A lot of good and a lot of bad
Approximately a year ago, I purchased the Razer Phone 2. It was on sale from Razer for an affordable $500, and my Pixel 2 charging port was having issues. For the price point, it made sense to upgrade at a much lower cost than a new Pixel or comparable phone would have cost. I can’t also forget the allure of having a phone dedicated to gaming from a company as prestigious as Razer. After all, they make some wonderful laptops and top-of-the-line gaming accessories.
The Razer Phone 2 has a lot going for it on paper. Its 120Hz UltraMotion Display projects gorgeous visuals at a rate that few phones still compare to. It rolls with a Snapdragon 845, so its a capable processor. It’s 4000 mAH battery leaves a lot to be desired, even at the time I purchased it, but we’ll spend more time on that later. The Razer Phone 2 features a USB-C charging slot, which creates a reliable and hasty charge time. Unfortunately, the phone features no port for your headphones, so you’ll need the accompanying USB-C adaptor.
Razer is known for its ability to ship high quality gaming machines, and the Razer Phone 2 certainly lives up to much of that name. I consistently play Star Wars: Galaxy of Heroes and Marvel: Strike Force on a daily basis at the highest settings. The quality of play is excellent, and the display is beautiful. It will certainly be a difficult transition to whatever the next phone I may use. Still, neither of those games are particularly taxing, even at the highest setting. Shortly after my Razer Phone 2 arrived, I downloaded Lineage, and, more recently, downloaded Call of Duty mobile. Both run smoothly at highest settings, and I found that my Call of Duty seemed to play extremely well. In fact, I found myself scoring in top rankings in every match I played – after the tutorials and such – and perhaps thought it was due to having excellent latency. Either way, it made my experience enjoyable.
The other positive about this phone is its eye catching design and pleasing touch. I teach, and because we use Google in our school, as well as our safety apps, my phone is often visible. That said, students love the design. The Razer Phone 2 sits in a perfect rectangular shape with twin speakers at the end of each side. It has a front facing camera and an eye catching light-up logo on the rear. The majority of the exterior is a glass coating, which is one of my favorite designs (the feel is simply wonderful). The negative of this, however, is that it is easily breakable. On top of that, if the phone isn’t inside a case, it will slide off just about every surface. You can imagine the horror of watching your phone slide to its inevitable doom.
While I love a lot about the Razer Phone 2, its shortcomings far outweigh its successes. Firstly, the battery life of the Razer Phone 2 is atrocious. On full settings of Star Wars and Marvel for about an hour of gameplay, the phone is drained to around 30%. YouTube drains the battery quicker, so watching or playing for extended periods is difficult without a charger nearby. While the battery charges quickly, I’ve found myself charging the device multiple times in a day.
The dual speakers on the front, which originally produced excellent sound quality at first but have gradually declined. Now, one speaker has ceased to work and the other sputters. Perhaps it has been this way for a while, but I rarely use sound when playing games (I only use it to watch YouTube or football). Listening to music on these is tough now, too, as the sound is muffled and sounds worse the louder the volume. Sometimes, I feel these issues are directly related to battery life, but I have nothing to back that claim up.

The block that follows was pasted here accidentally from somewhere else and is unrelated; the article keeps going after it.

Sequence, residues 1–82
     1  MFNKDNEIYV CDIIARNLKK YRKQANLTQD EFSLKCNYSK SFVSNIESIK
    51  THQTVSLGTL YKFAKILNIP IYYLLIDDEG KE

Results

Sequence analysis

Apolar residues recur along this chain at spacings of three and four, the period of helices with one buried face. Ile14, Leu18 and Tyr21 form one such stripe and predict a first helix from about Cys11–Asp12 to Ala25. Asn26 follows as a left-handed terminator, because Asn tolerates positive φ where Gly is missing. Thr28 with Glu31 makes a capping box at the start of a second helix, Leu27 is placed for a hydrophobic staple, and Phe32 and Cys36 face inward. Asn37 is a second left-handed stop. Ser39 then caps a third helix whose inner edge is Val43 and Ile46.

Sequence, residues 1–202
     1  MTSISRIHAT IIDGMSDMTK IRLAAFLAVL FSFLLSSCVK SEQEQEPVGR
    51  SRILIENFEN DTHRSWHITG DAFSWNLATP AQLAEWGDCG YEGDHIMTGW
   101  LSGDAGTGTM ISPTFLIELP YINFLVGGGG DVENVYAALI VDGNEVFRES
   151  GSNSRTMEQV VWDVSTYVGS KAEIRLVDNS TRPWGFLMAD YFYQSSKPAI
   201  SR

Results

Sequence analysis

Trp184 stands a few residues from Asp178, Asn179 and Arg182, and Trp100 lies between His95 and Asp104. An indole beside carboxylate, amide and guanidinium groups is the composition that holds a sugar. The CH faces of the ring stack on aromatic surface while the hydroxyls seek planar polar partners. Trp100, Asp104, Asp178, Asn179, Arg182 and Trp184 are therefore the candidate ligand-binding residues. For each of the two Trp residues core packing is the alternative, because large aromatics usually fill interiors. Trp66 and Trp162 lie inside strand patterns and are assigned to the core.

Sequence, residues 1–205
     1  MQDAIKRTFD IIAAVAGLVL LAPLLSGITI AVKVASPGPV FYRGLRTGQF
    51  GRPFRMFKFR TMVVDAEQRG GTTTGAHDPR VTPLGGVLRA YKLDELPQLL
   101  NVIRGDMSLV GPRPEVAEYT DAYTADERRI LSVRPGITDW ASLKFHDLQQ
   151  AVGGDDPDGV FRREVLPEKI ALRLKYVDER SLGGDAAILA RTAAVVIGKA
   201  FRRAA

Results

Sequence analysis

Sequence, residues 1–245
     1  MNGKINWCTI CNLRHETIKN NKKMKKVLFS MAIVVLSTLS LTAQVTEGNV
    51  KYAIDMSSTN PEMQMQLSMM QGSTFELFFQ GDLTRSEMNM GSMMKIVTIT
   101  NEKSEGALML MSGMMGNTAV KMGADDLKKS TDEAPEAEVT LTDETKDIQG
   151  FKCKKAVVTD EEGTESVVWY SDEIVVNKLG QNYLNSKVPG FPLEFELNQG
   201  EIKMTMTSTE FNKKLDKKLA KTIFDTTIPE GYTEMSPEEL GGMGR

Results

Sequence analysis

While I did not buy the Razer Phone 2 with the intention of taking astounding pictures, I expected a bit more from a phone camera in 2019. This phone takes some of the worst photos I’ve ever seen with some of the worst quality. I knew the camera wasn’t great, but I wasn’t prepared for how terrible the end results were. My wife, for comparison, purchased a Pixel 3 shortly after I obtained my Razer Phone 2. Side-by-side comparisons of the photos taken are breathtaking. The Pixel 3 could pass for professional photography. Mine resembles the photos I took on that AR game on the Nintendo 3DS. The one with faces – you know it.
My biggest issue with the Razer Phone 2 is a very concerning one. The phone will randomly and often power itself down. It could be after much use or after no use, in my pocket or sitting in a cool room. I researched if others experienced this issue and found many users reporting this. I did not try all of the remedies for the situation, as I have a lot of pictures that I have yet to back up of my 15 month old daughter (and it requires a factory reset), but it seems the phone tricks itself into thinking it’s overheating and shuts down. This is concerning to me, however, because I purchased this phone after the charging port of my Pixel 2 died. I need a reliable phone that will stay powered on and charged in case there are any emergencies with my family, particularly my child – who was only maybe five months old at the time I purchased the phone.
Overall, the Razer Phone 2 provides an excellent mobile gaming platform that falls far short of being an excellent overall device. The few positives of the phone are vastly outweighed by the negatives, which continue to show themselves every day. My fingerprint scanner, for example, stopped working after about two weeks, which I found to be a common issue. From there, the experience unraveled. Still, its relatively low price point (it has consistently sat around $400 since I purchased it, about 50% of its original pricing) might make this phone a realistic option for Android users looking for a competitive phone but not willing to pay upwards of a grand for one. If you have the means, however, there are plenty other options that I would recommend over this.